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I hope this is pretty clear on what it does. There is not a lot to cover. Probably the most surprising part of it is the http.createServer call. It's registering a callback function that will be called whenever an HTTP request is made to the server. In general, Node.JS does a lot of stuff through callbacks, to make up for its lack of multi-threading primitives of any type. It's basic HTTP from there. I save this to a file called "server.js" and run it with a simple "node server" (Node adds the ".js" file extension for me), I open my browser and head over the http://localhost:81/ and this is what I get:
File not found. / reason: {"errno":28,"code":"EISDIR"}
Aaaah, yes, I didn't actually tell it what file I want. That's pretty easy to fix though. Let's kill the server with CTRL+C (webServer.listen will keep Node running until we explicitly kill it) and make the code default to loading an "index.html" file if the URL specified indicates it was a directory name.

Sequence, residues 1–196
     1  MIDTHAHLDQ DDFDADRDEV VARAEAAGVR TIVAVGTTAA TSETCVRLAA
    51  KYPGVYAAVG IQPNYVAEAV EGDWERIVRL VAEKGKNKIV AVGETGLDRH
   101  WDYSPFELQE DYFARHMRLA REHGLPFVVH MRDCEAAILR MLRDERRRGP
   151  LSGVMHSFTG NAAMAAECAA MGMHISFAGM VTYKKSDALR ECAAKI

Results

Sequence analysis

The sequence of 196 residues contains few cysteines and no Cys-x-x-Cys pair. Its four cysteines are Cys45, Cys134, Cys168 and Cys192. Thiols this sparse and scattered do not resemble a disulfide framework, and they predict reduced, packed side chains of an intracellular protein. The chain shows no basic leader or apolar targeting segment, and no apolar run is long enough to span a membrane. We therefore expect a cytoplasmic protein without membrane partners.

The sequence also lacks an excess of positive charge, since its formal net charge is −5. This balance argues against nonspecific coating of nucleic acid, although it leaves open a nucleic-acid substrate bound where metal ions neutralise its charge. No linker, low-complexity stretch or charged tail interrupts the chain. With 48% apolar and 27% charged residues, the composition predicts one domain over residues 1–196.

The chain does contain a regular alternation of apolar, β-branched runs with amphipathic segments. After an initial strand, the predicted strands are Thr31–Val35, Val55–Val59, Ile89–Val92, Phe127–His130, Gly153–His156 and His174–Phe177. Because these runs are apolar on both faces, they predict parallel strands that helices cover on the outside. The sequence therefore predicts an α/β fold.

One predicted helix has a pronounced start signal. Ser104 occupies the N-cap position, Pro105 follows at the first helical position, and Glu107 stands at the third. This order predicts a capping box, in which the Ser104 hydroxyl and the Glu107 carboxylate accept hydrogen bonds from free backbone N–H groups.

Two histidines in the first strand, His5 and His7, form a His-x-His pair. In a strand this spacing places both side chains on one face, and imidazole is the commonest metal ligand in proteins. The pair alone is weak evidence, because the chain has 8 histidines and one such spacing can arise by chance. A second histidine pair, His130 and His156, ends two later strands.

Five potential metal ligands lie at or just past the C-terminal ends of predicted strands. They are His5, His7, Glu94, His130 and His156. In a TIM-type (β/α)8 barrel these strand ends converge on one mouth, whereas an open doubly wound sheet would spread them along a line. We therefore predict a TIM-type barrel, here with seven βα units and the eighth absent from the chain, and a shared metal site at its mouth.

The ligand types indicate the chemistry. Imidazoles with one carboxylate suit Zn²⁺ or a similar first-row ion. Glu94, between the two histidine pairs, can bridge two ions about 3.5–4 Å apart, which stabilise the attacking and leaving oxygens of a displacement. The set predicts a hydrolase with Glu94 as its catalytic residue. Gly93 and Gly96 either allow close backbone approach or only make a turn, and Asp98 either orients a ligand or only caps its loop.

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I've also created a file named "index.html" that just contains the text "Hello, world!". Now, when I restart the server and load the page, I see this:
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"But capn_midnight", you say, "Why don't we just use Express and weeooeeooeeeoooooo". Because we're making a Single-Page Application (SPA) that will have mostly static files for making an extremely basic front end, with most of the logic residing on the server side. If we need more out of our static content delivery than this, then we can figure that out later. Also, this article series isn't really about Node.JS or Socket.IO or Express or any thing in particular, it's about getting to make a multiplayer game very quickly.